Now that Republic Act 10175, also known as the Philippine Cybercrime Prevention Act of 2012, has been enacted to law, the question in most people’s minds now is “Who is gonna be sued first?” Here are three of them (or rather three classes of them) that immediately come to mind.
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(1) The Professional Heckler
Considering Filipinos’ renowned cognitive challenges when it comes to getting satire, the “award”-winning political satirist known as “The Professional Heckler” who in his Twitter account describes himself as “A humor blogger from the Philippines” may be in trouble. For that matter, just being “from the Philippines” puts him squarely within the kill zone.
His In Memoriam article on the “demise” of Senator Tito Sotto’s “common sense” as expressed in the following mock epitaph which opens the article, may be funny. But some powerful folk may not be in the mood for a bit of a laugh…
The People of the Philippines deeply regret
to announce the not-so-shocking demise
of Senator Vicente ‘Tito’ Sotto III’s
COMMON SENSE last August 29.
On September 5, 2012, it died yet again making
it ‘double dead’ — botcha sotto speak.
The lawmaker’s common sense is survived by his
22 fellow senators who opted to keep mum
on the issue of plagiarism.
In lieu of flowers or prayers,
the public is requested to just remain
vigilant and critical.
Interment was never announced.
It just happened.
Considering how I was crowned “one of the most enthusiastic hecklers of the politically-passionate” by no less than the Noted One himself way back in September 2006, I sympathise with The Professional Heckler. His blog goes as far back as April, 2007 so I count him as one who wields equal claim to the title.
In any case, Professional Heckler may have other more pressing things to worry about. The embattled Senator Sotto reportedly said that “the new law against cybercrime may be used to penalize those who make defamatory statements online.”
(2) Raissa Robles
The self-described “investigative journalist” has quite a dossier of journalistic infamy in our archives. Robles was instrumental to the success of the whole trial-by-media fiasco that was the impeachment trial of former Chief Justice Renato Corona. Her “contribution” to this “noble” endeavour was a full-court-press on Corona and his wife Cristina Corona that stood upon three questionable premises:
(1) Former President Gloria Macapagal-Arroyo (GMA) made it a point to appoint Mrs Corona to the Board of Directors of John Hay Management Corporation (JHMC) in 2001.
(2) There was, supposedly, a “possible conflict of interest” in an SC justice being married to a Board member of the JHMC both of whom were appointed by GMA to those positions.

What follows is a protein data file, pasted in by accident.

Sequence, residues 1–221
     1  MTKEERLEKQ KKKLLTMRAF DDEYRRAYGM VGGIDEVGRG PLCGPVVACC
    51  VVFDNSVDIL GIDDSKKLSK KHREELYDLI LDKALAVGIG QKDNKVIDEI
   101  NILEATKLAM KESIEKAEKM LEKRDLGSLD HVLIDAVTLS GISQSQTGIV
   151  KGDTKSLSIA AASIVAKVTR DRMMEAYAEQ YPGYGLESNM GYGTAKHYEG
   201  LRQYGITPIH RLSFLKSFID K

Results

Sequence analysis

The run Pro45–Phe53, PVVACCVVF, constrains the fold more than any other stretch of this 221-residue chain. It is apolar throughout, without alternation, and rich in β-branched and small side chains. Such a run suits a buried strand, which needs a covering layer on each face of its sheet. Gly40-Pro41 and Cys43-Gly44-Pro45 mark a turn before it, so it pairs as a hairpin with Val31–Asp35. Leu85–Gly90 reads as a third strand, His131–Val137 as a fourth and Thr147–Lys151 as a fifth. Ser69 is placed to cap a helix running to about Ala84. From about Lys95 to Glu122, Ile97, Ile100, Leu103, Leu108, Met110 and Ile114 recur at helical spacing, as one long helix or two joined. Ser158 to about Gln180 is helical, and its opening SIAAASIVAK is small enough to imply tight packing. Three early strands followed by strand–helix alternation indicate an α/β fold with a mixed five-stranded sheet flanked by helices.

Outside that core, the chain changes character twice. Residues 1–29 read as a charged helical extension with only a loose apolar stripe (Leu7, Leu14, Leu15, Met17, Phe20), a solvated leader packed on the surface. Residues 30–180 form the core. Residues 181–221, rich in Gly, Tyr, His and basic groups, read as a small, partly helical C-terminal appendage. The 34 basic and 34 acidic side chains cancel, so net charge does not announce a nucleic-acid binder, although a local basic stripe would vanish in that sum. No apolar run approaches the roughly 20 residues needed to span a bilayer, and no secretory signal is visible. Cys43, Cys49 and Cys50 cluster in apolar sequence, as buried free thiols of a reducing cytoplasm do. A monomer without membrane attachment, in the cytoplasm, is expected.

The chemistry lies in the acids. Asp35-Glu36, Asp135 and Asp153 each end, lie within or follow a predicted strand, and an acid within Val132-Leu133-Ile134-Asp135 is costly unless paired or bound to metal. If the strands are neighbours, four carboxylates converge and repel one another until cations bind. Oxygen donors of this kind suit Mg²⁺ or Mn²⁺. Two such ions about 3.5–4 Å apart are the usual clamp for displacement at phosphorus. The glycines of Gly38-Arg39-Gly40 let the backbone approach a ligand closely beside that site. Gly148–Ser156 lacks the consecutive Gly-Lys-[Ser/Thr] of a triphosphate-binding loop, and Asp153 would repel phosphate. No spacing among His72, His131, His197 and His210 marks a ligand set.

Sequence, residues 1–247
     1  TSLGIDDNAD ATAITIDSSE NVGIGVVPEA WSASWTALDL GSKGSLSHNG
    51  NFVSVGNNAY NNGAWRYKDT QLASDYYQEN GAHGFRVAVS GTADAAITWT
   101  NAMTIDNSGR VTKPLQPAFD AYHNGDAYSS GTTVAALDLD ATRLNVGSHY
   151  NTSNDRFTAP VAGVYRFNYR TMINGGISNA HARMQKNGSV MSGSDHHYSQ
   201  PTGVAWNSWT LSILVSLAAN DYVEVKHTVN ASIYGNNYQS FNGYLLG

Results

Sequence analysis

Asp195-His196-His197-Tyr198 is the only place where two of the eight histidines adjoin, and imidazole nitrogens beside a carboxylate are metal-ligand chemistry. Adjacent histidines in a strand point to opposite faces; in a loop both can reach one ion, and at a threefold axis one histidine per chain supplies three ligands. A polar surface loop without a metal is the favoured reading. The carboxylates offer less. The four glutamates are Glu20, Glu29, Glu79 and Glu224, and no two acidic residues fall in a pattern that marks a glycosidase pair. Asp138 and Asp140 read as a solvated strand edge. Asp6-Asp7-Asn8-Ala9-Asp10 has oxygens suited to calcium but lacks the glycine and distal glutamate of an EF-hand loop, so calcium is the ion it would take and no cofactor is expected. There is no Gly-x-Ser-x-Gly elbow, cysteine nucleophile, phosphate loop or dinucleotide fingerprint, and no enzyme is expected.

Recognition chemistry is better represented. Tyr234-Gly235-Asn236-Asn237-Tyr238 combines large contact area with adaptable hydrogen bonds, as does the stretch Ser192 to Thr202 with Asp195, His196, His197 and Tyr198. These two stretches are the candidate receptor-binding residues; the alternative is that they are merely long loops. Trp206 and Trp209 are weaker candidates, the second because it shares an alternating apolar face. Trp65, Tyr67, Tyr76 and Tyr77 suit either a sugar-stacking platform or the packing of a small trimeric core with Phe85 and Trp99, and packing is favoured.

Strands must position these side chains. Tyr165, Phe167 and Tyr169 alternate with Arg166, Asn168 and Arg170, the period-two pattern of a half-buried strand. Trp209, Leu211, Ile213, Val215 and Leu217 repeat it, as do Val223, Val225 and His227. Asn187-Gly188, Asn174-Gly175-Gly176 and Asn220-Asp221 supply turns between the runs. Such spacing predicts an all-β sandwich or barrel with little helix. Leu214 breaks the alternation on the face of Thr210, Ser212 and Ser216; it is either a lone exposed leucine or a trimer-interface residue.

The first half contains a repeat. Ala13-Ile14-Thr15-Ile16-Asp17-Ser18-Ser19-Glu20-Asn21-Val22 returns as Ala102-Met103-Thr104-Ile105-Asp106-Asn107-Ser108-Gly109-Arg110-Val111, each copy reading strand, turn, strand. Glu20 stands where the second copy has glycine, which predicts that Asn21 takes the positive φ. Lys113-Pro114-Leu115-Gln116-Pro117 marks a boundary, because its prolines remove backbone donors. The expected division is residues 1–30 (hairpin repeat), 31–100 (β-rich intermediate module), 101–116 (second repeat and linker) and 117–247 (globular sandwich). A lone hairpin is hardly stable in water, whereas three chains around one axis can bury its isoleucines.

(3) Mr Corona sat in the SC as a justice courtesy of GMA’s “reward” and Mrs Corona enjoyed a plum Board position in the JHMC over the rest of the period of GMA’s cling-on presidency.
Robles also mounted a “crowdsourcing” effort to supposedly get to the bottom of the Coronas’ allegedly vast property holdings in the United States by encouraging her community of readers to post “evidence” to prove this allegation on the comment sections of her blog.
(3) Magtanggol de la Cruz and Carmela Fonbuena of Rappler.com
One of the cornerstones of the case against Corona during his impeachment trial was the existence of alleged foreign currency accounts to his name. On account of the Philippines’ bank secrecy laws, those accounts and the cash balances within them were at the time legally invisible to the media. Yet in a series of Rappler.com news “reports”, de la Cruz and Fonbuena revealed not only the amount of money kept in these accounts but also the account number of one of them.
Rappler.com itself has a track record of erroneous “news” reporting. The most recent instance of this sloppy journalism was highlighted by blogger Paul Farol who cited Voltaire Tupaz’s and Judy Pasimio’s reports on the gunning down of tribal leader Timuay Lucenio Manda’s son Jordan in early September. “Manda was ambushed and shot at by several men while he was riding a motorcycle with his son, who he was bringing to school in Bayog, Zamboanga del Sur. Manda survived the shooting, but his son was instantly killed.”
Not one but two Rappler.com “reports” erroneously cast Manda as harbouring an absolute “anti-mining” position — an allegation denied by Manda himself in a subsequent press statement.
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Recall that for an allegation of libel to hold water, the following elements need to be present: “(a) imputation of a discreditable act or condition to another; (b) publication of the imputation; (c) identity of the person defamed; and, (d) existence of malice.” [Daez v. Court of Appeals, G.R. No. 47971, 31 October 1990, 191 SCRA 61, 67].
You be the judge.